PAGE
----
Yes Featuring Jon Anderson, Trevor Rabin, and Rick Wakeman (plus Lee Pomeroy and Louis Molino III), Live at Ravinia, Highland Park, Illinois, September 7, 2018
I’ve Seen All Good People
And You and I
Rhythm of Love
Lift Me Up
I Am Waiting
Heart of the Sunrise
Owner of a Lonely Heart (with a portion of Cream’s “Sunshine of Your Love)
Summer 2018 has been the summer of Yes. With two versions of the band touring the United States, fans have been treated to a double helping of fantastic music. I saw the official Yes in Grand Rapids a few months ago (see my review here). Seeing Yes featuring Anderson, Rabin, and Wakeman was a great way to compare the two groups while getting to see a few progressive rock legends.
I had never seen Jon Anderson or Rick Wakeman (or Trevor Rabin, for that matter) live before this show. I’ve watched old live footage, but it isn’t the same. Jon Anderson is over 70, yet he sounds absolutely fantastic – maybe better than he did a decade ago. He didn’t miss any notes, and he looked like he was having the time of his life. Rick Wakeman hasn’t slowed down at all, and watching him play his eight or nine keyboards was a blast.
Yes featuring ARW had a much different vibe than the Yes show with Steve Howe and company. With that show, I expected nothing but prog played as it was presented on the albums. With ARW, I expected to hear more of the 80s cra… err music. Generally, they were true to the album recordings, but they in no way felt tied them – especially the more progressive songs. It should surprise no one to hear me say that Steve Howe is a much better and more diverse guitarist than Trevor Rabin is. Rabin is very good, but his style is much more comparable to someone like Neal Schon from Journey than it is to Steve Howe. The prog songs, which were my favorite, still sounded great.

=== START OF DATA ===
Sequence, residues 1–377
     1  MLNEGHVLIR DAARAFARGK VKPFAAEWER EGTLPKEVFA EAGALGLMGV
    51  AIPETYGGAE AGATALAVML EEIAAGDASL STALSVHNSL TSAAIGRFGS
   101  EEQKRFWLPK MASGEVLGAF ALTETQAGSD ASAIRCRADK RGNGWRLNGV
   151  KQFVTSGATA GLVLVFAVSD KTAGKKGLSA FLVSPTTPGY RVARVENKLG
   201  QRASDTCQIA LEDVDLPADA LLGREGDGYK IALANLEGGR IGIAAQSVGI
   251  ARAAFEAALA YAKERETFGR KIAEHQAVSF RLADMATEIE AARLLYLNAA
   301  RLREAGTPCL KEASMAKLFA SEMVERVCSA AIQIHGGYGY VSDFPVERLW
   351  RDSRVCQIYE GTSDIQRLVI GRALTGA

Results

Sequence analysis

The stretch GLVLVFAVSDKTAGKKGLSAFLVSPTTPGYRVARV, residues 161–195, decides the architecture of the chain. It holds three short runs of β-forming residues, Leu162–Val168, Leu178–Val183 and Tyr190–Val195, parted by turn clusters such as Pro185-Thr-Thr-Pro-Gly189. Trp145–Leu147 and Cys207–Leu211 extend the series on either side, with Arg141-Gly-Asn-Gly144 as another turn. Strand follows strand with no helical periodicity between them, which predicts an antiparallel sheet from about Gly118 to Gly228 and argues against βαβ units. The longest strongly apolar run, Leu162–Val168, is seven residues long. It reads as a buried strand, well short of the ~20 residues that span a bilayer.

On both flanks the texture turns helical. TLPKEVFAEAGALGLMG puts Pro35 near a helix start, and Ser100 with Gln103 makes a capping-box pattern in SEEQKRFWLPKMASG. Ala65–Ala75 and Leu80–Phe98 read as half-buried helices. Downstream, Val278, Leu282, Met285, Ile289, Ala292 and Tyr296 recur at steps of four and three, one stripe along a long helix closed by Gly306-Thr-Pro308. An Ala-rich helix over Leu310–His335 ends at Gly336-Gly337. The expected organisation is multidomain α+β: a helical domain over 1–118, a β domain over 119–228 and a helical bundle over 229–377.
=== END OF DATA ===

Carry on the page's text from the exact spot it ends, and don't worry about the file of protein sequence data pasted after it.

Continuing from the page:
My favorite song of the setlist was “Awaken.” The other Yes played that at the Grand Rapids show, and I really enjoyed it. I remember being amazed at how well Alan White kept up with the repetitive melody of the song that is played during the long keyboard solo. ARW did a really cool spin on that with Jon Anderson playing that part with a small hand-held harp. This brought a completely different atmosphere to the song that was very interesting and enjoyable. Wakeman’s keyboards – primarily organs – during this section were absolutely stunning. The cape only made it better.
I’m not a fan of post-Drama 80s Yes, although it is considerably better than post-Hackett Genesis. “Owner of a Lonely Heart” is definitely not the best song Yes ever composed, but the band found a cool way to make it interesting. Towards the end, Wakeman donned a keytar, and he and Rabin started walking down the aisles of the pavilion. Wakeman ended up walking six or seven feet away from me, and the two met towards the middle and decided to sit in an empty box seating area and start jamming with the fans all around. This was probably twenty feet from me, although the swarm of fans made it difficult to see. Regardless, it made an aggressively mediocre song palatable to this prog snob.